Given the jaw-dropping occurrences in the open source world last year (Red Hat's acquisition of JBoss, Oracle's announcement of "Unbreakable Linux," and Novell's patent pact with Microsoft, to name a few), InfoWorld's Neil McAllister says balancing open and proprietary, commercial and free, will be the critical task for enterprise IT managers this year and for a time to follow.
It's a given that open and proprietary will coexist, says ZDNet blogger Larry Dignan, in part because no one will upend his or her entire IT infrastructure in the name of "open source religion." Navica CEO Bernard Golden expressed similar sentiments in a blog post near the end of 2006. What's more, Dignan points out, customers want the assurance that open source and proprietary software will work together, and the Novell/Microsoft deal meets that need.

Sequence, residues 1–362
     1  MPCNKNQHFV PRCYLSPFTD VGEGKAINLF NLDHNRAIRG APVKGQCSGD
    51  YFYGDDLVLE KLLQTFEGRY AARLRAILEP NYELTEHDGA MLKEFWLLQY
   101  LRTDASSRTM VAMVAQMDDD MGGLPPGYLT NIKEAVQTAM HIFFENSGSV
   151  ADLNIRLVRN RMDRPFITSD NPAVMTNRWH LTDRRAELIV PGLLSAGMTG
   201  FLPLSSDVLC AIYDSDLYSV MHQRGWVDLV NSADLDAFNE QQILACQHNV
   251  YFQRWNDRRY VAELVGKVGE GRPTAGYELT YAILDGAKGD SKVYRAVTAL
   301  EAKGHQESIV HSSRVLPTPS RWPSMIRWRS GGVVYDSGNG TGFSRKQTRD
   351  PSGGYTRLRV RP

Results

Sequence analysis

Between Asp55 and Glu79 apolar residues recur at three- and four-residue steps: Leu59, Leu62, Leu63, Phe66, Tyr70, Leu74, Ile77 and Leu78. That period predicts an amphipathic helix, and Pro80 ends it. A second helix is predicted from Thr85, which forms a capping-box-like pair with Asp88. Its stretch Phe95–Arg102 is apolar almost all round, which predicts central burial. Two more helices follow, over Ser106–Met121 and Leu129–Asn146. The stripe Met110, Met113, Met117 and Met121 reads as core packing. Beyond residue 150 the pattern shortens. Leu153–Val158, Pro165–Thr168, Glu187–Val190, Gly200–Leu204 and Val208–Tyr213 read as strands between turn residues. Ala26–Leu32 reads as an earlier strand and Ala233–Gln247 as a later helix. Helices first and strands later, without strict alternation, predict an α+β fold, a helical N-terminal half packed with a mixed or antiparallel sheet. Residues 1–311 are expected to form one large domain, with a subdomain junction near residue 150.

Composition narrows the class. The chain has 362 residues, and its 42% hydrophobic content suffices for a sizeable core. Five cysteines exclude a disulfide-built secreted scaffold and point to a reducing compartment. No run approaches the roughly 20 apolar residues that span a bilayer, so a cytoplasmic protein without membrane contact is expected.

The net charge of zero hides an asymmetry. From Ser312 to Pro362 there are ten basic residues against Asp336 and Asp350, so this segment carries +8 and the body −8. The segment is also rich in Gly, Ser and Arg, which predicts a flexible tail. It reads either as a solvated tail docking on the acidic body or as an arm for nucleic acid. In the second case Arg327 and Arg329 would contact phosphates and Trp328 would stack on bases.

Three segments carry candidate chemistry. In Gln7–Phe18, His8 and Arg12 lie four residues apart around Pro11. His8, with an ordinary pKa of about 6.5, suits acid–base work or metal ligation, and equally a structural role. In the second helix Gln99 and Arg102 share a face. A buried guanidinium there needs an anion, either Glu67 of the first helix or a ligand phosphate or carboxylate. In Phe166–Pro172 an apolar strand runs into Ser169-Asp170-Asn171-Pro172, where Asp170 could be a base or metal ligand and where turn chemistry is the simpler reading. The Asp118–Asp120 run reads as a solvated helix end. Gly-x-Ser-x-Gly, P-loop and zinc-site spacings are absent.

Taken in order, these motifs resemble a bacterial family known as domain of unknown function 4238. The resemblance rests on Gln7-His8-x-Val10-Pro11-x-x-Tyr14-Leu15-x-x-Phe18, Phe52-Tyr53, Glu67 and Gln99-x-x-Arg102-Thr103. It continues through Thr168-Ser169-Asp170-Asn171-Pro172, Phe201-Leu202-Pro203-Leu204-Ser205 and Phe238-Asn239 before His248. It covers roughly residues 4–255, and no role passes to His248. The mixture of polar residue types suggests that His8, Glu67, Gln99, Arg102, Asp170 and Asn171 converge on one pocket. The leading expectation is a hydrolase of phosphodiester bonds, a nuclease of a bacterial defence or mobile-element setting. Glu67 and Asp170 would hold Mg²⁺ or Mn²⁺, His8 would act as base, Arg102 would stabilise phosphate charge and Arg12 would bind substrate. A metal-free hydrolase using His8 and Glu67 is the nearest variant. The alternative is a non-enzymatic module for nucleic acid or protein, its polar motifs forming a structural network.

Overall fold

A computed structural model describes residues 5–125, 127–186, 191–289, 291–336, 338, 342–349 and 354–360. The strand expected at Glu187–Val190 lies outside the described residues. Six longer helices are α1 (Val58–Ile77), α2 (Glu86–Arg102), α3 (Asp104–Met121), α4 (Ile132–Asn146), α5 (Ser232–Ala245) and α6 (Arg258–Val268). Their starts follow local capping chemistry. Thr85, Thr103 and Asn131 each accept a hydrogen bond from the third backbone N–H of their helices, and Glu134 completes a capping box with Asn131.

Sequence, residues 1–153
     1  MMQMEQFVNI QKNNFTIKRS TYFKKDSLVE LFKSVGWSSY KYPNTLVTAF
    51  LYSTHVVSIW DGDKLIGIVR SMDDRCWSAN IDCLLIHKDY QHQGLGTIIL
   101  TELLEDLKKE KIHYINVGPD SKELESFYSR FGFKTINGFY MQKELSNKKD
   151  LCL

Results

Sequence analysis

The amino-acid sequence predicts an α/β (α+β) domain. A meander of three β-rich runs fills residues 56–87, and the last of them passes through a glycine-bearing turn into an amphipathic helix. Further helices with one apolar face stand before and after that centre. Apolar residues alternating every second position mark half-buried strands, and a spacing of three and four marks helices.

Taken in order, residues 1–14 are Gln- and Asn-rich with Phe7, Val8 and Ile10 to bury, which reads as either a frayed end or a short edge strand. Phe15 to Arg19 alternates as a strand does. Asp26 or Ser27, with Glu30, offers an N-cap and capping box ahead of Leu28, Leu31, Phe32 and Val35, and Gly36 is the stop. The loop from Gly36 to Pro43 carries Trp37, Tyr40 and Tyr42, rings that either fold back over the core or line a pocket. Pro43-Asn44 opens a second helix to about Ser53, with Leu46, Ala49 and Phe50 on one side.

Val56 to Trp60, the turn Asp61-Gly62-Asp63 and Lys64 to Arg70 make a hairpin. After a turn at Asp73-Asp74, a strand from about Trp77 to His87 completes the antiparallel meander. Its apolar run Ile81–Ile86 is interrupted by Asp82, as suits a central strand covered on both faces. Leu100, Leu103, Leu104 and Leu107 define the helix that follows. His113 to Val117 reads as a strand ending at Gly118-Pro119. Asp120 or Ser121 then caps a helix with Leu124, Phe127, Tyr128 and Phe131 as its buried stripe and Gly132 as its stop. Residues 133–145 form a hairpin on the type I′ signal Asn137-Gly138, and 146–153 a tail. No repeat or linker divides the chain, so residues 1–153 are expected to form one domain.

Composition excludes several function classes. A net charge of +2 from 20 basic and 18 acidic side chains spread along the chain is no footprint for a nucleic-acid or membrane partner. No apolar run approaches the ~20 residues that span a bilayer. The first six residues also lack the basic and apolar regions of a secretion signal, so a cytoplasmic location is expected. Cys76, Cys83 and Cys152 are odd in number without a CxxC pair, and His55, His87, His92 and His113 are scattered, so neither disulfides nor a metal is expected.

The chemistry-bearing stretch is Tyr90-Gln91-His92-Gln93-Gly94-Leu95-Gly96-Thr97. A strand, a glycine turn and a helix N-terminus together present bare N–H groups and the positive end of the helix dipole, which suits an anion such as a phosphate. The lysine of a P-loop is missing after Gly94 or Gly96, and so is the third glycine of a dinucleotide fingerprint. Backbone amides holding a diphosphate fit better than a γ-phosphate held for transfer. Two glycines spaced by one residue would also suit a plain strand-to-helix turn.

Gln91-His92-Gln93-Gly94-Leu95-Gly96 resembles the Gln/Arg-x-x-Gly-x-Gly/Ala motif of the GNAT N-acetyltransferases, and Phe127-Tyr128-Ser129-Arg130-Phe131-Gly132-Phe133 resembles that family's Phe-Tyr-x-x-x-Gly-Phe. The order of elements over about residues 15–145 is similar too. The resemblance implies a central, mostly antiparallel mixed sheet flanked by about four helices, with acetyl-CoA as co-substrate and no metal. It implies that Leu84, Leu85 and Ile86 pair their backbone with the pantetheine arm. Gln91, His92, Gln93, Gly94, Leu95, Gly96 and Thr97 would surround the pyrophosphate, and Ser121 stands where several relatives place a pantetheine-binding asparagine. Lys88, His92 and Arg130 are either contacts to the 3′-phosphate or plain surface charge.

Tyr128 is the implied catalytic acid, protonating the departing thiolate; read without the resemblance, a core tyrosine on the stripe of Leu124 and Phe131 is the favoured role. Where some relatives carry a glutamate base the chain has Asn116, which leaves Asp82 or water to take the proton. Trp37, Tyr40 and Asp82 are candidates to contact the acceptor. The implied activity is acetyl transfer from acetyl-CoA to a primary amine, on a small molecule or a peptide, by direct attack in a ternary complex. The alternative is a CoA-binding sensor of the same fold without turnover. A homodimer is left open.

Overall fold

So maybe Novell's efforts to recharacterize itself (or perhaps "clarify its position" is more accurate) as a mixed source company are better placed than one might think.
We realize we're painting with an extremely broad brush here, but isn't a company's primary obligation to its shareholders? And doesn't a company better serve its shareholders by delivering what its customers want?
If it works, we could see the day when Red Hat or other open source vendors strike similar agreements with their proprietary counterparts.